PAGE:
Higüey City’s Electric Power Inconsistency Affects Kenia’s Beauty Center
Higüey, La Altagracia, Dominican Republic – Kenia Guerrero Rijo is a hairstylist who currently resides in Los Rosales. She was one of the first beauticians in the area to open up a hair salon and has been in the same premises since 2006.
Kenia’s Beauty Center is located in the corner of Los Rosales neighborhood and just a few blocks away from Rijo’s home. Kenia sees about 5-20 clients daily, depending on the day. Her first priority is her clientele’s satisfaction. Although the area’s unpredictable electric power outages have been limiting the amount of time and people she can service, they could never affect her work ethic. Rijo does everything in her power to make sure women leave her business feeling beautiful, despite the inconveniences. The blackouts have been a major set back, but she persistently finds a way to get her job done, daily.
Rijo grew up in Azafrán, Higüey, La Altagracia, an area located in the rural outskirts of Higüey City. She remembers loving cosmetics and doing her neighbors’ hair when she was just a toddler, “I have always been fond of what is called beauty,” she said. Her beauty center is decorated with her many cosmetology diplomas that indicate her completion of hair dying and cutting courses. Rijo’s love for what she does is plastered all over the walls of her workspace and her passion is recognized in her impressive skills.
The 45-year old mother of two and grandmother of one relies on her beauty center as her only source of income. She makes 8,000 DOP (150 USD) on a good day and up to 15,000 DOP (275 USD) on a great day, but she can lose up to half of those earnings due to the constant power outages.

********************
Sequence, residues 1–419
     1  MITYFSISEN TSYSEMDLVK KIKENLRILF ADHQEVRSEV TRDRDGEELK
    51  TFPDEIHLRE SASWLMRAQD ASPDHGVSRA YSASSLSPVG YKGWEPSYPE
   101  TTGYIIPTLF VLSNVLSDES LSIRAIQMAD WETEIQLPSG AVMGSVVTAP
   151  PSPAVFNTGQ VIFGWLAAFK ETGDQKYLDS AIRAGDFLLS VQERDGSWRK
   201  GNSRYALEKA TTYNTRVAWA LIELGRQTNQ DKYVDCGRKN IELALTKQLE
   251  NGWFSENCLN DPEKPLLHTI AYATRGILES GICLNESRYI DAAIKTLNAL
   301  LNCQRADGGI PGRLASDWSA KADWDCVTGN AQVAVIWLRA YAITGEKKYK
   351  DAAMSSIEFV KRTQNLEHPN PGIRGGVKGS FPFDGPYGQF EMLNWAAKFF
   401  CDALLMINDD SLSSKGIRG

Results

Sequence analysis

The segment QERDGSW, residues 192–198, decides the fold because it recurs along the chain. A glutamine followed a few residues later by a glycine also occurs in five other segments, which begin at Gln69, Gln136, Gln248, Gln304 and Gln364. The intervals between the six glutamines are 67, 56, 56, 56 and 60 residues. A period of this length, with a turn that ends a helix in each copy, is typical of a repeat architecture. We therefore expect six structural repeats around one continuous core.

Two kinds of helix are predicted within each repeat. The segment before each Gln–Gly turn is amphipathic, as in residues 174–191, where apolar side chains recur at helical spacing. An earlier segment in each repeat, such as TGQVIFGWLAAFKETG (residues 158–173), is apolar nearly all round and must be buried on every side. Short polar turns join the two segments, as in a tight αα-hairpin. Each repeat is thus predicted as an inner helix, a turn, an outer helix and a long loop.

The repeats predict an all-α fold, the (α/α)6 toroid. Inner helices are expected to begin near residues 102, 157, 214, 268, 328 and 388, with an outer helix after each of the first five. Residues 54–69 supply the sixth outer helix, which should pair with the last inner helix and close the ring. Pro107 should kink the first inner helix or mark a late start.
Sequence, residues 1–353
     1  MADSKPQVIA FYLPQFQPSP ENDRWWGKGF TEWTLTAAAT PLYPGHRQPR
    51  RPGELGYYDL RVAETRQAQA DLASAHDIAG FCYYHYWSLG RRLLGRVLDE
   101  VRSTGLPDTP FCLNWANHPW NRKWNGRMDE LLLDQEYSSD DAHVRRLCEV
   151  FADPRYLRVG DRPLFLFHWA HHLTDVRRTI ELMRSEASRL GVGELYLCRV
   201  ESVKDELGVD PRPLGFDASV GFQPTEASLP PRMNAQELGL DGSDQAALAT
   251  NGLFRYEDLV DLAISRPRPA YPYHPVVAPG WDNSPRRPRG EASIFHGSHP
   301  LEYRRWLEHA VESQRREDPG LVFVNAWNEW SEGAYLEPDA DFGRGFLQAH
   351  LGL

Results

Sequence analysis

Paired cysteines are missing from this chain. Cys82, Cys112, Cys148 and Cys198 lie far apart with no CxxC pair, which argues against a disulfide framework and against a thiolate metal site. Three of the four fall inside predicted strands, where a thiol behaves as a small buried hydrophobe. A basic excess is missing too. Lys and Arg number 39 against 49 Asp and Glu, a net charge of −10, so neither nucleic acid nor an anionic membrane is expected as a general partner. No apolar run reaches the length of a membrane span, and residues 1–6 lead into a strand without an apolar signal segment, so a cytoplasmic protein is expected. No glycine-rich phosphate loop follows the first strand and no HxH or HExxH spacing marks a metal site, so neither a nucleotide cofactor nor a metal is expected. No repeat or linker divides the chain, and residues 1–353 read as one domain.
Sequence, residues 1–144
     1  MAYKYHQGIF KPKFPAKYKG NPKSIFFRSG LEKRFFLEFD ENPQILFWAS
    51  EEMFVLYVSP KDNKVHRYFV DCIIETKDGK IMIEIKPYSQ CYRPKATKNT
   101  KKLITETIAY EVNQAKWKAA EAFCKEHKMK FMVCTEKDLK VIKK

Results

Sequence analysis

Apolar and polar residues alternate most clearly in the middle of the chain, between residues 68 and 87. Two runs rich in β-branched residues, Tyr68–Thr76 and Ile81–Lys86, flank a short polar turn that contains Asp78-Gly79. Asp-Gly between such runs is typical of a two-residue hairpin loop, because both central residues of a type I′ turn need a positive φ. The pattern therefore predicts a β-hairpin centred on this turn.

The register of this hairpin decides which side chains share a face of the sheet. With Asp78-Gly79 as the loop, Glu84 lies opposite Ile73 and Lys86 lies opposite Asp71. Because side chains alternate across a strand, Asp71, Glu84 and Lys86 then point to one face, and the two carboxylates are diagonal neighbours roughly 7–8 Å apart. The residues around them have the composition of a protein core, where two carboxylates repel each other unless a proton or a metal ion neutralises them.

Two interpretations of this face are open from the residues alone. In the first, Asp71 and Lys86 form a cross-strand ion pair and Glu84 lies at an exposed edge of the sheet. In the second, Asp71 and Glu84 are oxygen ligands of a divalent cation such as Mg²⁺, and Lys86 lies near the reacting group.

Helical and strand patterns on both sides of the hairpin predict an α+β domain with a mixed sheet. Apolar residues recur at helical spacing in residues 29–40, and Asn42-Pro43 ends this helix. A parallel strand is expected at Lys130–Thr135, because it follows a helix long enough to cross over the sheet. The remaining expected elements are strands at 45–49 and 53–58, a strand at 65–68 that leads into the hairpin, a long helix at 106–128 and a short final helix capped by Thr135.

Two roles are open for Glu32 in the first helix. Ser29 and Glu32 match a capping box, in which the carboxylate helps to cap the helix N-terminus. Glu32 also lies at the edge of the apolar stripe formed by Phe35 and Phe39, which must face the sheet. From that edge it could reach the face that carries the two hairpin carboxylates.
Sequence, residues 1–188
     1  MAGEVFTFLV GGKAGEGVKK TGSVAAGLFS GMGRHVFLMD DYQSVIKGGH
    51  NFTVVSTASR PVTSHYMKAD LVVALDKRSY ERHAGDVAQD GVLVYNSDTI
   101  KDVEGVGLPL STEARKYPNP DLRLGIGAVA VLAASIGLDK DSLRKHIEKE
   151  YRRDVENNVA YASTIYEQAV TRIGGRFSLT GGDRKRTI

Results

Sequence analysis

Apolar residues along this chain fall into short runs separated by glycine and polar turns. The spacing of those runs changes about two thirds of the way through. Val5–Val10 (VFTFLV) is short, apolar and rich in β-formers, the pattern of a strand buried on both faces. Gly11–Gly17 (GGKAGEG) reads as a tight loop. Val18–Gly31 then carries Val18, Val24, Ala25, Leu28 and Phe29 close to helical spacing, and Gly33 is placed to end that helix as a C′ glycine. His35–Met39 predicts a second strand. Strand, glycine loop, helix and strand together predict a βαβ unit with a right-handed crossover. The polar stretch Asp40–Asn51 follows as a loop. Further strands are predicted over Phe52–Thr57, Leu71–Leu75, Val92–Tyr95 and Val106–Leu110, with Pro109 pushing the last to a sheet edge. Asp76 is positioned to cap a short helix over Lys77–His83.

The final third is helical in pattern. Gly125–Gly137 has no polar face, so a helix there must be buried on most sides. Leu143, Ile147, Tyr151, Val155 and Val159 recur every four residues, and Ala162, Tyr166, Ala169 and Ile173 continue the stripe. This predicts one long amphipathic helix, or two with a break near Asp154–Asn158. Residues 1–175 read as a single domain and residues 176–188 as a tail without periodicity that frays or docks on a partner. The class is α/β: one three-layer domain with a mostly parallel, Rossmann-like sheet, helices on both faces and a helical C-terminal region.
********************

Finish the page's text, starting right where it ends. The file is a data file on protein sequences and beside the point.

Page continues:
“The power goes out, and I still have three clients who need their hair blow-dryed and a few more who need their rollers dryed… now I can’t do it. I have to wait and see if by God’s mercy the power comes back on immediately. If it doesn’t, I have a plan B,” said Rijo.
Her plan B is to go next door to D’ Ruby’s hair salon and finish up her clients there. “I like to keep a good relationship with my colleagues. Whenever I need it, Antonia, next door, lends me some space. When she needs it, I am here for her too. Sometimes the power goes out for an entire day, sometimes for two hours,” she said.
Rijo confirms that this has been a year-long issue for as long as she can remember.
“There are some parts of the year that are better than others,” she said, “when the people go out to protest about the electricity issues, the power is more consistent but that doesn’t last long, as it goes back to being unpredictable only days after.” She recounted that she noticed the issue is especially bad as the Dominican Republic’s election season approaches. Although nobody knows the direct cause of these inconsistencies, many suspect that it is due to politicians’ “poor political position management.”
“Sometimes I feel uncomfortable, but we have had to get used to it,” said Rijo.
The worst repercussion about this problem is that some clients get annoyed and don’t come back to Kenia’s Beauty Center.
“They’re here one week, and the power goes out, then they come back and it goes out again,” said Kenia. She hates to see them go, but this is something that is out of her control.
An immediate resolution would be to purchase a power generator, which can cost up to about 50, 000 DOP (900 USD). These generators are popular in Dominican homes and businesses as they keep the lights on even after the electric power goes out. Kenia is hesitant to purchase one because the space of her salon is too small, and she does not have a convenient spot to store the generator in.
Despite these setbacks and occasional loss of clientele, Kenia Guerrero Rijo continues to operate her business to the best of her ability. She adjusts to the adversities and always makes sure to put her customers first in spite of the circumstances.
Rachell Soler | Latin American Correspondent
Rachell Soler is a Dominican journalist and creative who is passionate about culture, music, art and food-tasting. She enjoys learning people’s stories and encouraging those in her community to embrace their upbringings. Soler is a Southwest Houston, Texas product and hopes to enlighten the world with her writing. Her stories are meant to reveal what is often lost in the background and tell inspiring stories that are usually left untold. She is a singer-songwriter in her free time, as she maintains a multifaceted lifestyle while she finishes her studies at University of Miami in Coral Gables, Florida.